AHA: Aspirin Doesn't Reduce Recurrence After First VTE

But results in significant reduction in rate of major vascular events, with improved net clinical benefit

MONDAY, Nov. 5 (HealthDay News) -- For patients with a first episode of unprovoked venous thromboembolism who complete initial anticoagulant therapy, aspirin does not reduce the recurrence of venous thromboembolism, but does correlate with a reduction in the rate of major vascular events, according to a study published online Nov. 4 in the New England Journal of Medicine to coincide with presentation at the American Heart Association's Scientific Sessions 2012, held from Nov. 3 to 7 in Los Angeles.

Timothy A. Brighton, M.B., B.S., from the Prince of Wales Hospital in Sydney, Australia, and colleagues conducted a randomized study involving 822 patients who had completed initial anticoagulant therapy after a first episode of unprovoked venous thromboembolism. Participants were allocated to receive 100 mg daily aspirin or placebo for up to four years.

During a median of 37.2 months of follow-up, the researchers found that the annual rate of recurrence was 6.5 percent in patients assigned to placebo versus 4.8 percent among those assigned to aspirin (hazard ratio for aspirin, 0.74; 95 percent confidence interval, 0.52 to 1.05; P = 0.09). Aspirin correlated with a reduction in the rate of two prespecified secondary composite outcomes: a 34 percent reduction in the rate of venous thromboembolism, myocardial infarction, stroke, or cardiovascular death (P = 0.01), and a 33 percent reduction in the rate of venous thromboembolism, myocardial infarction, stroke, major bleeding, or death from any cause (P = 0.01). The rates of major or clinically relevant non-major bleeding episodes or serious adverse events were not significantly different between the groups.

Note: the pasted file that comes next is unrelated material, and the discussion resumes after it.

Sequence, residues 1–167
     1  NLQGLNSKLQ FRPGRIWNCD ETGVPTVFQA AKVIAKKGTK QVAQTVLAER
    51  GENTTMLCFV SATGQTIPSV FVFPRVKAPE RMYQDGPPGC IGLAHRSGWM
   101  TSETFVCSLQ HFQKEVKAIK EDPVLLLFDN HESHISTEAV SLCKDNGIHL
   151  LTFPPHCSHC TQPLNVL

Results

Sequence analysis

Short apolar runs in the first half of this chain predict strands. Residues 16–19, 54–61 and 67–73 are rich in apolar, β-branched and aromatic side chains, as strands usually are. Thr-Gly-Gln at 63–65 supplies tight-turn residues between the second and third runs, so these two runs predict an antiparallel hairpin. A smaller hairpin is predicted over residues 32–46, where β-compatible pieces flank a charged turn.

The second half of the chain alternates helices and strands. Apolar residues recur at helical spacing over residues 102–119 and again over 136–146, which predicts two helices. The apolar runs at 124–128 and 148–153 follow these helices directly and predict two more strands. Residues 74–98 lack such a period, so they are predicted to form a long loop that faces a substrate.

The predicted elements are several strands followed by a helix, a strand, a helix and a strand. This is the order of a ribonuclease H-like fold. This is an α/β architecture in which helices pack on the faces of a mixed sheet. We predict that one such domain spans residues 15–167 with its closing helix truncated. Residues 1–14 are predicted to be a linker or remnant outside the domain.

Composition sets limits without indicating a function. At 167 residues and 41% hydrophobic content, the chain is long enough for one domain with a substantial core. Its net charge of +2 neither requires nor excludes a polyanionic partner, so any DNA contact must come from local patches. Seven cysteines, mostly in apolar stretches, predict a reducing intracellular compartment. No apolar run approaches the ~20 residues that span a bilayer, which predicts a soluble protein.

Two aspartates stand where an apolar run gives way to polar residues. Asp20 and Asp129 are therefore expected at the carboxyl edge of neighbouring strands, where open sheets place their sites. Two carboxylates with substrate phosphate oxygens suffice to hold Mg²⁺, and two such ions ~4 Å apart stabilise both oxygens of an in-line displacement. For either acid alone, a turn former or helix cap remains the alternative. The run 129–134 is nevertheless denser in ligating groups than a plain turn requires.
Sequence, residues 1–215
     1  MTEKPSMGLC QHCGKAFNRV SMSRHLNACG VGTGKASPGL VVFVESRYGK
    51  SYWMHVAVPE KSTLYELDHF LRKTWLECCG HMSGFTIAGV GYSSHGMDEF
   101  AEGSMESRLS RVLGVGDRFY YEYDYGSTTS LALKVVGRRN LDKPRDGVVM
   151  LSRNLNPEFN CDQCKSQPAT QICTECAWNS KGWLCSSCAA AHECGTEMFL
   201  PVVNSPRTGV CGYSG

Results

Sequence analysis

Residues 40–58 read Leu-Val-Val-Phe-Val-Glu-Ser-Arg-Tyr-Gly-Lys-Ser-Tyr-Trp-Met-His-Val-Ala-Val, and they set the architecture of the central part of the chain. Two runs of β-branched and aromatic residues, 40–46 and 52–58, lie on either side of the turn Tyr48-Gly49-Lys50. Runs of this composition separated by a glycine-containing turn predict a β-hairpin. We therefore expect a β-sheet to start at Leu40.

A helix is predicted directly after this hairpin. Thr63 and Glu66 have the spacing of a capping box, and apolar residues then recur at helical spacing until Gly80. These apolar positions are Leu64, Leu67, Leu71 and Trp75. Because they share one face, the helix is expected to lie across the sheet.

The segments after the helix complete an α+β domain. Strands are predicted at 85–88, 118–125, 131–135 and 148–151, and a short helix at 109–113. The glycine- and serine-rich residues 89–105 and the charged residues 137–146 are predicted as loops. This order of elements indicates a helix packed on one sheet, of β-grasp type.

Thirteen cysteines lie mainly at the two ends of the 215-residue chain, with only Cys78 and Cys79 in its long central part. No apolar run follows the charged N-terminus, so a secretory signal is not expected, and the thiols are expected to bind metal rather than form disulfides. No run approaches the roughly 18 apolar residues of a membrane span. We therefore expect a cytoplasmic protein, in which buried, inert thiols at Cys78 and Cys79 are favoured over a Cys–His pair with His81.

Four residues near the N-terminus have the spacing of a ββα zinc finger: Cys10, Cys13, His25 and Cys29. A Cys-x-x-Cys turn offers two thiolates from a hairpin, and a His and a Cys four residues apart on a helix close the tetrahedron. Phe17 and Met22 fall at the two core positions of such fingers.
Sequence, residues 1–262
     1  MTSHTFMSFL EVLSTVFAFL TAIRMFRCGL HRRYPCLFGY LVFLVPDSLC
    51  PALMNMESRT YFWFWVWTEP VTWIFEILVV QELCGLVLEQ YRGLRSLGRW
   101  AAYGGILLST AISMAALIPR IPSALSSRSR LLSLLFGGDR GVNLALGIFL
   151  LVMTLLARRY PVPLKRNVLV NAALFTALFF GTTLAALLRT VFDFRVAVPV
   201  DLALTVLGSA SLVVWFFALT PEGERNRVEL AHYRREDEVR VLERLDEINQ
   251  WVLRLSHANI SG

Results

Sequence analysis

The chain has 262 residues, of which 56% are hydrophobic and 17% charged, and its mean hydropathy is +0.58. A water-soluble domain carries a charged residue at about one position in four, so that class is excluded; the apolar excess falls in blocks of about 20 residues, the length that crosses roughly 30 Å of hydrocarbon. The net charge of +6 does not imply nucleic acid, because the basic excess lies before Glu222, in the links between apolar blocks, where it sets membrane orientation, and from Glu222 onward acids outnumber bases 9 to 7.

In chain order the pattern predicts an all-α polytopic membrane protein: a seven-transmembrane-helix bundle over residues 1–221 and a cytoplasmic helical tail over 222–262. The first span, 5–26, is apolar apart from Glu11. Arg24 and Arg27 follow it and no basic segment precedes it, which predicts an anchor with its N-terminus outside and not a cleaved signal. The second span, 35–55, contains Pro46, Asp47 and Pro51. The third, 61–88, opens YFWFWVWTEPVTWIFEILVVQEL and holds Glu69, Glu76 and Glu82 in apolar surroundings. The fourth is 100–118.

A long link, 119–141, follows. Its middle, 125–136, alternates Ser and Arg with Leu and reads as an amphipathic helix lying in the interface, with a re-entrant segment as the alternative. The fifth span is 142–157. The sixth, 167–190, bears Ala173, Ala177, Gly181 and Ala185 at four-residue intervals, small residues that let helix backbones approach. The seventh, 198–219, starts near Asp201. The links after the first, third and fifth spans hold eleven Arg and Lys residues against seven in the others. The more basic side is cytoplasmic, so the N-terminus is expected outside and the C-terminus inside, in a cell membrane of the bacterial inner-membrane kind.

"These results substantiate earlier evidence of a therapeutic benefit of aspirin when it is given to patients after initial anticoagulant therapy for a first episode of unprovoked venous thromboembolism," the authors write.

Several authors disclosed financial ties to the pharmaceutical industry.

Abstract
Full Text
Editorial
More Information

Copyright © 2012 HealthDay. All rights reserved.

Powered by

jQuery UI Accordion - Default functionality

For life-long learning and continuing professional development, come to Lippincott's NursingCenter.

Nursing Jobs Plus
Featured Jobs
Recommended CE Articles Recommended Nursing Articles

Dogs as Pets, Visitors, Therapists and Assistants
Home Healthcare Nurse, November/December 2014
Free access will expire on January 5, 2015.


Tracheostomy Care
Nursing2014 Critical Care, November 2014
Free access will expire on December 22, 2014.


Effective management of ARDS
The Nurse Practitioner, 13December 2014
Free access will expire on December 22, 2014.


More Recommended Articles

Subscribe to Recommended Articles

Evidence Based Practice Skin Care Network NursingCenter Quick Links What’s Trending Events